IOC bans online Olympic coverage for next ten years

If you can't ensure only people from your nation are accessing it, you can't show a Webcast of the Olympics

The International Olympic Committee (IOC) announced Monday that Internet sites are banned from showing streamed audio or video content of the Olympic Games for the next ten years.

Until Web sites can guarantee to restrict access to people within the same country as the site is based, they will not be allowed to carry video or audio streams from any Olympic Games, stated Dick Pound, chairman of the IOC Internet working group.

The decision came at the start of a two-day conference, hosted by the IOC in the Swiss city of Lausanne, which will debate the relationship between sports broadcasting and the Internet.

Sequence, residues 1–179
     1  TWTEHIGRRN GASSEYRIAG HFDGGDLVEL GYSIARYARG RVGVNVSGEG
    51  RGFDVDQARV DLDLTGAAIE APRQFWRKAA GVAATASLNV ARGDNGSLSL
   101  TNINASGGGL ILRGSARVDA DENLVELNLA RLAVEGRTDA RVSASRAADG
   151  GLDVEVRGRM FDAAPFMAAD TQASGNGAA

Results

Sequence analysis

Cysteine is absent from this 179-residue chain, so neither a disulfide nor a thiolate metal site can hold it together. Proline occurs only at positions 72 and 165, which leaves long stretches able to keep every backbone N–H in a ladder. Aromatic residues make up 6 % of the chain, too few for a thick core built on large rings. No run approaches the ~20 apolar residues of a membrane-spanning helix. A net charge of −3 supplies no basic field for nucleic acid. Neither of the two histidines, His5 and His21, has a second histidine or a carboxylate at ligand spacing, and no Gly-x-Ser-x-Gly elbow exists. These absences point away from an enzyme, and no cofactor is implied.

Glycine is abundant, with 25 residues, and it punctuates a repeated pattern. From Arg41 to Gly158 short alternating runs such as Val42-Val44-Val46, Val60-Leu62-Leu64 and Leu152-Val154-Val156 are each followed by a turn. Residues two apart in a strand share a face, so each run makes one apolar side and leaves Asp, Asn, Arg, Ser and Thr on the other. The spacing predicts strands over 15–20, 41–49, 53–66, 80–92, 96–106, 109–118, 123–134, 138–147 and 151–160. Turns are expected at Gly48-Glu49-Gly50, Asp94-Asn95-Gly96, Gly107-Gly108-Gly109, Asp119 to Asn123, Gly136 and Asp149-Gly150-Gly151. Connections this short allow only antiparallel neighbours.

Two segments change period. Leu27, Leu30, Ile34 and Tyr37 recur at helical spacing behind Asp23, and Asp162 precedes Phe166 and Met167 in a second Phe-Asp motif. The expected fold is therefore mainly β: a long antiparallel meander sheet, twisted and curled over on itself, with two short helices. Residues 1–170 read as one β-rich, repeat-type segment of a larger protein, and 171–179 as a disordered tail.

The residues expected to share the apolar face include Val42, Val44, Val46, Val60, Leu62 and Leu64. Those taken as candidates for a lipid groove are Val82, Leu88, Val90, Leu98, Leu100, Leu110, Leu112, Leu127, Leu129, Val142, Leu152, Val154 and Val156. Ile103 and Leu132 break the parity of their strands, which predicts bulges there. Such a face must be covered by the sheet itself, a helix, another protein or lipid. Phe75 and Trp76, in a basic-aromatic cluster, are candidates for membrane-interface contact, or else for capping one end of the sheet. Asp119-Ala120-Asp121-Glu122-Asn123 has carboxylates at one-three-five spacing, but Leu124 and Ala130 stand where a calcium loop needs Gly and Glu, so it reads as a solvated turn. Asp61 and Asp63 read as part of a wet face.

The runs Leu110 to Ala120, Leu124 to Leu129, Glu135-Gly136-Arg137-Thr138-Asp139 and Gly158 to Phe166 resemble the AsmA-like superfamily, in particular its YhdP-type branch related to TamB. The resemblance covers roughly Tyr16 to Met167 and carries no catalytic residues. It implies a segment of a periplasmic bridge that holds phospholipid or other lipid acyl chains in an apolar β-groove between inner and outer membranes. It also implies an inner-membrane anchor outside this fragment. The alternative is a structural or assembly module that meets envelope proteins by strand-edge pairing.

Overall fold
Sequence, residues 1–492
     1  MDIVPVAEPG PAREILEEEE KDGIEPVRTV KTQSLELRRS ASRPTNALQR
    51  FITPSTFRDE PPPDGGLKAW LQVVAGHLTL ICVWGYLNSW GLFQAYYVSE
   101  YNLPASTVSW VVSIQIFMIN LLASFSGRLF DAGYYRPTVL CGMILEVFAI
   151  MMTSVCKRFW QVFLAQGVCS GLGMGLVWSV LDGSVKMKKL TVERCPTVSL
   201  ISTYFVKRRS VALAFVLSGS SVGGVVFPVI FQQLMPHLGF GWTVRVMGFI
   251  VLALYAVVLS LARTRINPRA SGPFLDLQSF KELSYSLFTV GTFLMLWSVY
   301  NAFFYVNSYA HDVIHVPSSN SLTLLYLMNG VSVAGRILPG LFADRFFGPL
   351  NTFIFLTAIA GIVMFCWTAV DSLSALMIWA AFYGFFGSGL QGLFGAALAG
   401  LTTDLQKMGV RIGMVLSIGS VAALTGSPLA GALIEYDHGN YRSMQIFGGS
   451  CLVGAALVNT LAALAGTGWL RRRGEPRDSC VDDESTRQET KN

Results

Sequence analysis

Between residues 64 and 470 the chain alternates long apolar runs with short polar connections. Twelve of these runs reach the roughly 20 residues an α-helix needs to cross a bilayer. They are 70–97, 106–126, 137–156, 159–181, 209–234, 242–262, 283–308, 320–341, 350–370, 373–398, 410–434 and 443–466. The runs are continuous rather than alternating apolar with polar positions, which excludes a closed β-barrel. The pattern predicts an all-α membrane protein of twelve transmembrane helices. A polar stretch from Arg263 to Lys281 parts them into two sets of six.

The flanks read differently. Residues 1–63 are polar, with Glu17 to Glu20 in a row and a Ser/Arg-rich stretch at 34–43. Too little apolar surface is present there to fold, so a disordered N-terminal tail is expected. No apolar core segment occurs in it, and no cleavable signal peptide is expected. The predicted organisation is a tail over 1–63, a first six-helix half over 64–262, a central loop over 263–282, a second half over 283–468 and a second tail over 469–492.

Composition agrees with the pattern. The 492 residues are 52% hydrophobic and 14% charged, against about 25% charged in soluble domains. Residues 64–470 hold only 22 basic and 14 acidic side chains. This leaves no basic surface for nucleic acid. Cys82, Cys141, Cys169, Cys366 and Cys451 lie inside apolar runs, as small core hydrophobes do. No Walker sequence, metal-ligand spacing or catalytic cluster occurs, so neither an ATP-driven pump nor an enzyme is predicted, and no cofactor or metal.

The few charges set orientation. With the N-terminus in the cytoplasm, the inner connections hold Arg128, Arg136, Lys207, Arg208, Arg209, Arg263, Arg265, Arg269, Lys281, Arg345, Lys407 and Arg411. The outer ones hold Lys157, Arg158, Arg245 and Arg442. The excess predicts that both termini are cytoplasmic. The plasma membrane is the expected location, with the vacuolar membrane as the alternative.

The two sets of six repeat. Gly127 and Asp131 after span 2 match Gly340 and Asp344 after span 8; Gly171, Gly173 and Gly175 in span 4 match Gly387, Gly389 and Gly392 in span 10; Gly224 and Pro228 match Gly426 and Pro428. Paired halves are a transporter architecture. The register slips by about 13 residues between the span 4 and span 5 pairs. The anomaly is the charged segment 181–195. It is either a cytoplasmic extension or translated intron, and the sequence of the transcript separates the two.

The IOC banned Web sites from showing live action from this summer's Olympic Games in Sydney to protect its existing broadcasting deals. Because of time differences, in many countries Olympic action was only shown on TV many hours after it actually happened.

Had video streams been available on the Internet of live events then TV companies, which paid a total of £1.45bn to the IOC for exclusive broadcasting rights, could have lost viewers to these online sites.

Because of the Sydney ban, the BBC had to suspend transmission of the World Service over the Internet. The online transmission of other radio stations, such as London Live 94.9, were also hit.

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